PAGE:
will continue until equilibrium is reached.
     C. Keynes believed that E could settle at a level of economic activity with
          large amounts of unemployment.
          1. If potential Real GDP is greater than what actual AD yields, a reces-
              sionary gap exists and may persist indefinitely. The solution to this
              unacceptable equilibrium is to increase AD.
          2. If potential Real GDP is less than what actual AD yields, an inflationary
              gap exists and the inflation may persist indefinitely. The solution to this
              unacceptable level of economic activity is to decrease AD.
          3. Inflationary and Recessionary Gaps- ACDC Economics in 60 Seconds
     D. Multiplier Affect (K) is important to determining the change in AD needed
           to reach equilibrium E.
          1. Changes in AD will result in larger changes in NNP as increases are not
               spent and respent.
          2. Decreases in AD have a similar but opposite affect.
          3. K = 1/MPS = 1?(1-MPC) Note: As MPS increases, K decreases.
          4. A MPS is 20%, Multiplier is 5 as 1/20% = 1/(1/5) = 1X 5 = 5 
          5. Fiscal policy and the multiplier... is an 9 minute video from youtube

 

 

 

 

 

 

 

May 10, 2013

The Multiplier in Action

The impact of contractionary fiscal policies,
from
NY Times, based on Moody's Analytics estimates. see .econbrowser

 

 

 

 

III. Fine Tuning Economic Activity
      A. In chapter 14 we investigate how government taxing and spending
           is used to affect AD and AS and affect the business cycle.
      B. In chapter 15 we investigate how  the Federal Reserve uses monetary
           policy to affect interest rates, AD and AS.
      C. The goal is to maximize growth while minimizing the inflationary
           and deflationary gaps.
      D. fine-tuning is difficult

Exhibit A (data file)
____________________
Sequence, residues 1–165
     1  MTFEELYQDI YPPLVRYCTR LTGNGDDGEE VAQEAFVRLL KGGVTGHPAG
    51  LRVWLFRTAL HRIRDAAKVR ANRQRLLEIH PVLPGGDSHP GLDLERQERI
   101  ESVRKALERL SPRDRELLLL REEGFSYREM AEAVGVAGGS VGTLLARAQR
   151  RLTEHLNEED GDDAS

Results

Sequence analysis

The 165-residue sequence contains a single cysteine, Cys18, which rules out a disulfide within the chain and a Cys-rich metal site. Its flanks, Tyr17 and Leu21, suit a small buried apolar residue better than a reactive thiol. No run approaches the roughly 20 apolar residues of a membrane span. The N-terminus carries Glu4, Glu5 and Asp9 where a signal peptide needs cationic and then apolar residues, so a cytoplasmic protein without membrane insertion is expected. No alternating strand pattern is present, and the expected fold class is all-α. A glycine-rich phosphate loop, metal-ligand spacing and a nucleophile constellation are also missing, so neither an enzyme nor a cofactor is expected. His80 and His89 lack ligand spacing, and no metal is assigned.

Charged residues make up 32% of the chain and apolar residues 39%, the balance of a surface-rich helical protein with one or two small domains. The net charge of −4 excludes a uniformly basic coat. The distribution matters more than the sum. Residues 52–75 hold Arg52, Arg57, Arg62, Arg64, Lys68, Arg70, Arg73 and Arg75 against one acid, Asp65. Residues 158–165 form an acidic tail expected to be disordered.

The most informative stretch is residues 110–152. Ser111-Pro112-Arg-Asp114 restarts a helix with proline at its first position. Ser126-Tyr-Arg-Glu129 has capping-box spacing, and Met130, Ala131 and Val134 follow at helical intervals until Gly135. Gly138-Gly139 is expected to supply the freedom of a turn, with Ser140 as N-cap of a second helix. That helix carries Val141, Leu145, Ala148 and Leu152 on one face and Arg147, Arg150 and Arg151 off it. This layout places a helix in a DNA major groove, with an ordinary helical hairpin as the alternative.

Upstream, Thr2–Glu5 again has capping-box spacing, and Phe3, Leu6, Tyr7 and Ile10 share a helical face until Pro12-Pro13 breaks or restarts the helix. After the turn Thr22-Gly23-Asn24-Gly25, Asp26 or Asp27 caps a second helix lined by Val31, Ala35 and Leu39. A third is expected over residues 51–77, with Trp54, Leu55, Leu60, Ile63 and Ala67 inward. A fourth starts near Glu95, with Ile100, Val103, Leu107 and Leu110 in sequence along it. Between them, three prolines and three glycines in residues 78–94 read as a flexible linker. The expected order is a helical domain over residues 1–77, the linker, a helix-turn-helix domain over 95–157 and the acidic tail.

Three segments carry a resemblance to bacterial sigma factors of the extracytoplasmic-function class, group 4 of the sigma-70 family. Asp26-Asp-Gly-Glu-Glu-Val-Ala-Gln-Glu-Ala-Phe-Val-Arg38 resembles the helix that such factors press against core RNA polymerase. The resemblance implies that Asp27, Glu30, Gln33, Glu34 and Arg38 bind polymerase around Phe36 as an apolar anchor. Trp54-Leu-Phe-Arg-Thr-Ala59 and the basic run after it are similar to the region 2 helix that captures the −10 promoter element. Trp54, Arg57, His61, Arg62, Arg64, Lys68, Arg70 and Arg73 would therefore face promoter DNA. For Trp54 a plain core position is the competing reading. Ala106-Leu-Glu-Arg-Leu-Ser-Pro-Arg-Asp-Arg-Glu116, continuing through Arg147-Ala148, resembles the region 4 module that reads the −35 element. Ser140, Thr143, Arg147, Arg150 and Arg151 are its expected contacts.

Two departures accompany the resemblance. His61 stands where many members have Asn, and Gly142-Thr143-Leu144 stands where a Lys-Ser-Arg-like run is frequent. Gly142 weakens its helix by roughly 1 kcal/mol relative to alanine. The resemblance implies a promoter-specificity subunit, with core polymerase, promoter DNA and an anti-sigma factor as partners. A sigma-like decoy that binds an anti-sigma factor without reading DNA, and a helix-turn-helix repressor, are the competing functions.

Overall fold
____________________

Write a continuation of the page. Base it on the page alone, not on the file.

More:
E. Seeking Alpha blog on Paul Volcker 
          and recent attempt to fine tuning U.S. Economy

View Macroeconomic Phenomena in the AD/AS Model  
         
by Dennis Kaufman of the University of Wisconsin-Parkside.

Wikipedia on Keynesian_economics 

 

Free Book Summaries- 3 New York Times Bestsellers IV. Multiplier
       A. When determining the required change in AD needed to achieve E, the Multiplier (K) concept must
            be considered. 
       B. This concept states that a change in AD will result in a larger change in Real GDP as these changes
            multiply (are spent and re-spent or not spent and re-not spent) throughout the economy. 
       C. Saving will act as a leakage eventually stopping the change.
       D. Suppose more is spent on investment and people receive this as income.
           1. People receiving the income spend some (MPC) and save some (MPS)
           2. A second group receives  the  spending of the first group as income and they also spend
               some (MPC) and save some (MPS).
           3. The process continues until savings eventually stops the progression. 
       E. Calculating multiplier (K), the multiple by which GDP will increase given some increase in AD.
           1. K = 1 / MPS = 1 /(1 - MPC)
           2. As MPS increases,  K decreases 
           3. If MPS = 20% then 1/MPS = 1/.2 = 5 
           4. An increase of $100 billion in investment will result in 5($100) = $500 billion in new national
                income.
           5.  K = change in Real GDP / change in AD = 500/100 = 5 
           6. Some unpleasant Keynesian arithmetic Dank Rodrik
           7. Multiplier Interactive practice problems from reff economics
      F. Multiplier and Accelerator Effects from tutor2you          
     
G. Accelerator/multiplier theories from The History of Economic Thought
     
H
. Fed infrastructure spending has big multiplier 12/1/12 from econintersect
V. For more concerning Keynesian economics
      A. Maynard's Revenge: Keynesianism and the Crisis February16, 2010
      B.  Keynesian economics - Wikipedia

      C.  view information from the Institute for Economic Analysis
      D.A quiz for wannabe Keynesians 2/24/14

wikipedia on 
/John Maynard Keynes